Posted by Jonathan Maus (Publisher/Editor) on March 1st, 2021 at 12:08 pm
It’s been 17 days since Portland experienced a major winter storm. For people who get around mostly by car, the storm was a relatively minor inconvenience. It was a few days of snow and ice and a bit of shoveling before things were back to normal.
But it’s a much different story for people who aren’t in a car.
For people who use bike lanes or shoulders on a bike, scooter, skateboard, roller-blades, or any type of wheeled mobility device, it’s been over two weeks since roads were free of hazardous debris. And let’s not forget that before the snow-then-slush-then-gravel, we had piles of leaves in fall, standing water after it rained, and the year-round presence of work zones and illegal parking and driving.
Taken separately, these hazards are often dismissed as minor inconveniences or yet another example of “those whiny entitled cyclists”. Together, they help explain why cycling is in decline in Portland. To be clear: These hazards make some people give up on active transportation altogether and get back in their cars.
For those who still choose to ride and roll, these dirty streets force them to accept yet another risk.
Portlander Julie Garner is an example of what happens when we don’t clean up this gravel quickly enough. Yesterday she was biking on SE Hawthorne at 12th when she crashed. It was severe enough that Garner received a concussion, cracked her helmet and doesn’t recall the incident. She posted to Twitter from her hospital bed that, “I was told I slipped on gravel (in bike lane).”
The day before Garner’s crash, we posted a video from the Northeast Halsey/I-205 overpass (below). Conditions there are bad even without gravel because bicycle riders and walkers in both directions are forced to share one standard sidewalk. With gravel, it’s extremely dangerous — especially as you start rolling downhill just feet away from people in cars.
Responses to both of these posts reveal widespread fear and frustration about the amount of gravel that still remains on key Portland bikeways. We’ve heard about dangerous conditions on streets like SW Terwilliger, bike lanes near Moda Center, N Interstate, Hawthorne Bridge viaduct, and so on. The problem has gotten worse with protected bike lanes where the presence of curbs and/or wants prevents plows and sweepers from getting all the way to the curb.
Portlander Leslie Carlson said she rode on Terwilliger from Chart House to Sheridan over the weekend: “The gravel was thick in the bike lane. We were forced to descend on to the road, which angered drivers behind us. I’m afraid somebody is gonna get really injured up there.”
Stay in the bike lane or shoulder and risk slips, falls, and flat tires; leave the bike lane and risk aggressive drivers.
What’s even more frustrating is that the Portland Bureau of Transportation has been aware of the problem for many years, yet it doesn’t feel like their response has gotten any better. Their crews were quick to lay down about 425 cubic yards of gravel to help people drive more safely; but the consequences of that move last for weeks and result in less safety for others.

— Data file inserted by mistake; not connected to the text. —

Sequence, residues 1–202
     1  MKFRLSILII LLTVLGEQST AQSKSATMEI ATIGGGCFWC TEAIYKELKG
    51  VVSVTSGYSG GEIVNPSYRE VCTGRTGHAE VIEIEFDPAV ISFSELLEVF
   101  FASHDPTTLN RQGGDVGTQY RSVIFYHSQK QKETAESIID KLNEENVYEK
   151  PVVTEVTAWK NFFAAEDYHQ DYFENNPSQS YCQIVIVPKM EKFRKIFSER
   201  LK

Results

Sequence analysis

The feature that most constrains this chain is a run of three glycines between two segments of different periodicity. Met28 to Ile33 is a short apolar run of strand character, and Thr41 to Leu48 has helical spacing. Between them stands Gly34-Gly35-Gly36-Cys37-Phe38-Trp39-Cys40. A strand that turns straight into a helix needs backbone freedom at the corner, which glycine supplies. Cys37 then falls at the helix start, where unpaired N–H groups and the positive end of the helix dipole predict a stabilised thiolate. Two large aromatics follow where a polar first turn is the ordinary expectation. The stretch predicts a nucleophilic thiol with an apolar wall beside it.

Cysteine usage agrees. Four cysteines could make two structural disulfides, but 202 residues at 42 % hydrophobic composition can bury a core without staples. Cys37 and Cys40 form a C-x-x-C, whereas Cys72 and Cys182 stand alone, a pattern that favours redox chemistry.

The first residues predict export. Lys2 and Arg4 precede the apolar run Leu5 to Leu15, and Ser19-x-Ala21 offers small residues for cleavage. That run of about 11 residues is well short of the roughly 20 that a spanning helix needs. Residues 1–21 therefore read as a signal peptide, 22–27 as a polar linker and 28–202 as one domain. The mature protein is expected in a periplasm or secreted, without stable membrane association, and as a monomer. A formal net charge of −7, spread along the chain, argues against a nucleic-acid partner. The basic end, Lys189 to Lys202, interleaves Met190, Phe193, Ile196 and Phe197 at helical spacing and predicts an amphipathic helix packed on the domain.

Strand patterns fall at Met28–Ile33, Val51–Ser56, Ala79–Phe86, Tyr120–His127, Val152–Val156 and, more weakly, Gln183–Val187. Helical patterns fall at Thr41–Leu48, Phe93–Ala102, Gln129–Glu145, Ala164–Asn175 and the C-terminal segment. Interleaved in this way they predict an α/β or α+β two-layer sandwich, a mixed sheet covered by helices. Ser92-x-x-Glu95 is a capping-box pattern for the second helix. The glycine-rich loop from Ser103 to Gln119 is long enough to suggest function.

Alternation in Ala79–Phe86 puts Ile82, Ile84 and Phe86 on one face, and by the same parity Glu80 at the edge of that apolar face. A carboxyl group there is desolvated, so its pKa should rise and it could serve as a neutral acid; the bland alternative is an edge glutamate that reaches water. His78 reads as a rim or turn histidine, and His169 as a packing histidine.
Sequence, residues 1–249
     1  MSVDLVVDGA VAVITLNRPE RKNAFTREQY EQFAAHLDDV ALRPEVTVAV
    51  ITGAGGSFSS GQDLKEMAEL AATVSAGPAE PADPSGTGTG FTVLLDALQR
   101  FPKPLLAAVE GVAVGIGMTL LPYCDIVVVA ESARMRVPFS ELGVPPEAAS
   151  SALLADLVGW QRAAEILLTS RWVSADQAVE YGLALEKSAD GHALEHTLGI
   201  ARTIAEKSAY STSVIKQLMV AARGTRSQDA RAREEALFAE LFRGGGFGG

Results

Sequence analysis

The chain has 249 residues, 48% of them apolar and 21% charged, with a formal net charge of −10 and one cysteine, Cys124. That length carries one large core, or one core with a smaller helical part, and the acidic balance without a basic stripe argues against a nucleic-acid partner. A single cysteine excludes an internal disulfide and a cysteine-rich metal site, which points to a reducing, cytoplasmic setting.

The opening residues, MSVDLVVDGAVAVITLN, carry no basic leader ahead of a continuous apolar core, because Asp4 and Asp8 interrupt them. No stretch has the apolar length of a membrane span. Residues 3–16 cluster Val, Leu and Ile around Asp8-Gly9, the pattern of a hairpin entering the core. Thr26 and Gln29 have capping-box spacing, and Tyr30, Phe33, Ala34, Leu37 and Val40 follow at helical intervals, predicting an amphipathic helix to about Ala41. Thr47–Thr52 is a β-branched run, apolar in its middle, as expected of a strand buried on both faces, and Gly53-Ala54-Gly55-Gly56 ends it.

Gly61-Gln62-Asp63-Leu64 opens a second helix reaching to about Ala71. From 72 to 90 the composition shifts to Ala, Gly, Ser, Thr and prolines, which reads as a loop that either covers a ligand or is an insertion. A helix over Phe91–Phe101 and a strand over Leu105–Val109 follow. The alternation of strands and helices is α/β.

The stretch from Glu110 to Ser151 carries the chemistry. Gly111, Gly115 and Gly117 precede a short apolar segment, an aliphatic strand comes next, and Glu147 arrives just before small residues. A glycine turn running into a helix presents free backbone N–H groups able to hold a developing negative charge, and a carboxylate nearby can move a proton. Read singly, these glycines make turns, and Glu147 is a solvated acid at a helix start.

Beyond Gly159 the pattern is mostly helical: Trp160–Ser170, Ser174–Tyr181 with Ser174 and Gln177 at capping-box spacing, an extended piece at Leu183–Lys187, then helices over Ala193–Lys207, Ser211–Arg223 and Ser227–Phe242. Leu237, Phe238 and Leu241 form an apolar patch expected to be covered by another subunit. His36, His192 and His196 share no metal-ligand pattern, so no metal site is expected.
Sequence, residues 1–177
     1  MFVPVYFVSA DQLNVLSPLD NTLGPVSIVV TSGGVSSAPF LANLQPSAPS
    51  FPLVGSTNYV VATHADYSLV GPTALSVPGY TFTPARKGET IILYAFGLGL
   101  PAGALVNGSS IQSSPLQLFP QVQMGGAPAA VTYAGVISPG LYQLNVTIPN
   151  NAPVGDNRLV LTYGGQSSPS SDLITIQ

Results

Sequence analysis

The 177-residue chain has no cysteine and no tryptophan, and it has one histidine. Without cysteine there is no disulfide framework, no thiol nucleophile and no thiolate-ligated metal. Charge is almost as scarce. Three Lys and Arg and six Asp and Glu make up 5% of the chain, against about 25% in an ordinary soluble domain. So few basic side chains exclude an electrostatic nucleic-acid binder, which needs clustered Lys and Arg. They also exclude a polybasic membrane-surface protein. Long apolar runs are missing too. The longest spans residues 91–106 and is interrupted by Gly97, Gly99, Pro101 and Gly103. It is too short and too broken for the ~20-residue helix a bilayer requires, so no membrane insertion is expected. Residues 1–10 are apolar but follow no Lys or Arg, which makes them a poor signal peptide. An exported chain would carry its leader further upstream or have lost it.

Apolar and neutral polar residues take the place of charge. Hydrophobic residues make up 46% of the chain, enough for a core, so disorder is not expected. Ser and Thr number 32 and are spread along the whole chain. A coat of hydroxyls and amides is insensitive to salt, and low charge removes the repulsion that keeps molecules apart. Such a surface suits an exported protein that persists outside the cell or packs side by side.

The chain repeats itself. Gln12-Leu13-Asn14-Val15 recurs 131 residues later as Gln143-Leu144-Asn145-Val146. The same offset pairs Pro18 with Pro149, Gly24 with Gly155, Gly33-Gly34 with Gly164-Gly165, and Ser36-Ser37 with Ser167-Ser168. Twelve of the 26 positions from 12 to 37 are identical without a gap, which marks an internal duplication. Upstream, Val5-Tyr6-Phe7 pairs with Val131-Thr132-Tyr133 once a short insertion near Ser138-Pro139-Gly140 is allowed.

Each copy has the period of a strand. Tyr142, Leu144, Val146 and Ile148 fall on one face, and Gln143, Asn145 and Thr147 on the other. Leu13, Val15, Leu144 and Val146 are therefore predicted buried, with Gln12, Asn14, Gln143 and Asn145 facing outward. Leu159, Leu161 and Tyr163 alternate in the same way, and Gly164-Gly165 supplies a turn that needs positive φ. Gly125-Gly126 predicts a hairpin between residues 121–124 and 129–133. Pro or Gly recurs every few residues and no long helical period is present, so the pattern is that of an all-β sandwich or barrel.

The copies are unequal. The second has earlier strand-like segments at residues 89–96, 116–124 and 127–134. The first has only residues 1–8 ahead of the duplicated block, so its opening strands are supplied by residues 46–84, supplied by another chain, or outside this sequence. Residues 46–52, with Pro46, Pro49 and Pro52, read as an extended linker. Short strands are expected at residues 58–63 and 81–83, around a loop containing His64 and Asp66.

“We understand that gravel in the roadway isn’t pleasant — many of us are people who bike too — and that is why we work as quickly as possible to pick it up.”
— John Brady, PBOT
Our coverage of the gravel-in-the-bike-lanes problem dates back to 2007. There are now 18 posts (including this one) in our “gravel in bike lanes” story archives. Each time we cover this issue, the response is the same: Just be patient. We’re doing our best.
PBOT says gravel recovery is “challenging because the City’s limited number of sweepers travel 2-3 mph and have 518 miles of streets to cover.” In response to concerns raised this weekend, PBOT encouraged people to report it via PDXReporter.org or create a maintenance ticket via 503-823-1700 or firstname.lastname@example.org.
Asked today whether or not they have a specific plan to keep key bikeways clean, and why the gravel continues to be a problem after all these years, PBOT spokesman John Brady said, “We understand that gravel in the roadway isn’t pleasant — many of us are people who bike too — and that is why we work as quickly as possible to pick it up.” “This year even as we were still plowing and treating the roads, we were already looking ahead and planning how we would work to get the gravel out of the bike lanes and the shoulders. Such planning is a central part of our approach to every winter weather event.”
In response to Garner’s post, Sarah Iannarone shared via Twitter that she feels the city’s response is “very unstrategic.” “The gravel ultimately causes more problems than it solves.”
Planning is nice. Action is better. We’ve been told for years to be patient and that PBOT is doing their best. Now we’re doing our best to remain patient.
— Jonathan Maus: (503) 706-8804, @jonathan_maus on Twitter and email@example.com
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